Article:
Author Topic: ?Quotable: New Outdoor Heroes to Inspire You?  (Read 77 times)


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?Quotable: New Outdoor Heroes to Inspire You?
« on: September 26, 2018, 04:10:53 PM »
Hi, Fellow Trekkers,
I?d like to share an article from Washington Trail Association (wta dot org). This article is special because it identifies American
environmental heroes with whom people of different colors and races can relate. The link below is to copy and paste if you like. But if you don?t have the time to read the whole article, here are excerpts about the ?new outdoor heroes?:

1)  Jos? Gonz?lez, nicknamed ?the Green Chicano,? founder of Latino Outdoors.
?[...]Gonz?lez was working as an assistant teacher for the California Mini-Corps Program, an organization established to help migrant children adapt to their new culture. The program also included an environmental education portion.?

2) Yenyen Chan, park ranger at Yosemite National Park, graduate of Yale School of Forestry and Environmental Studies.
?The social history of the park, she discovered, includes a wealth of Chinese history that was largely unknown [...]? Her video on ?A Glimpse into Yosemite?s Chinese History? is on youtube.

3) Rachel Cardon, author of the famous book Silent Spring, editor-in-chief for the U.S. Fish and Wildlife Service?s publications.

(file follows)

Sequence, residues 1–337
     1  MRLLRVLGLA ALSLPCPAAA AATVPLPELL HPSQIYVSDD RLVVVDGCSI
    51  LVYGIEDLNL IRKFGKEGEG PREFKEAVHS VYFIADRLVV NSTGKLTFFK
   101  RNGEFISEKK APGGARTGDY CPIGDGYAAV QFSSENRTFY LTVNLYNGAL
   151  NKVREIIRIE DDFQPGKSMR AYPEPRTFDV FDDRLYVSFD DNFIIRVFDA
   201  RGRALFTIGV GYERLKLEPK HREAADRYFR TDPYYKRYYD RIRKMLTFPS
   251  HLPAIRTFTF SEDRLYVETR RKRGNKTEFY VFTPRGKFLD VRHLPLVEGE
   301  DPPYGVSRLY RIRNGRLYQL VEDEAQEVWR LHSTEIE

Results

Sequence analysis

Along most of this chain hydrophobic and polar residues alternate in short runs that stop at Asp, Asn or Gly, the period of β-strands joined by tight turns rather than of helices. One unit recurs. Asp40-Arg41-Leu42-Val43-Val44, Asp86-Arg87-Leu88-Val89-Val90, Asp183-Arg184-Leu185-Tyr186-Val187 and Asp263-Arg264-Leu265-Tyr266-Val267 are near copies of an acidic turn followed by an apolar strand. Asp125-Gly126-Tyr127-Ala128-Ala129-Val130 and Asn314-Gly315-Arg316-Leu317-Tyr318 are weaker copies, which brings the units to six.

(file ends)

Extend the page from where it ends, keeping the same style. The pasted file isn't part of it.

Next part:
?Her publications helped attract attention to the issues surrounding conservation, particularly regarding the ocean. ?Silent Spring? made a significant impact when it came out, leading to the eventual ban of DDT and other harmful pesticides.?

4) George Washington Carver, born a slave during the Civil Wars, prominent environmental-friendly agriculture inventor. 
?Thanks to his work, farmers were able to move to more productive and sustainable farming methods while increasing their agricultural success.?
He said, ??It is a travesty to burn our woods and thereby burn up the fertilizer nature has provided for us.??

5) Shelton Johnson, an interpretive ranger at Yosemite, author of book Gloryland: a Novel.
He wrote this book about the Buffalo Soldiers, ?[...] in hopes of inspiring inner-city children of color to connect with nature the same way that he did.?
Johnson said, ??It?s bigger than just African Americans not visiting national parks. It?s a disassociation from the natural world. I think it is, in part, a memory of the horrible things that were done to us in rural America.??

Anne Speirs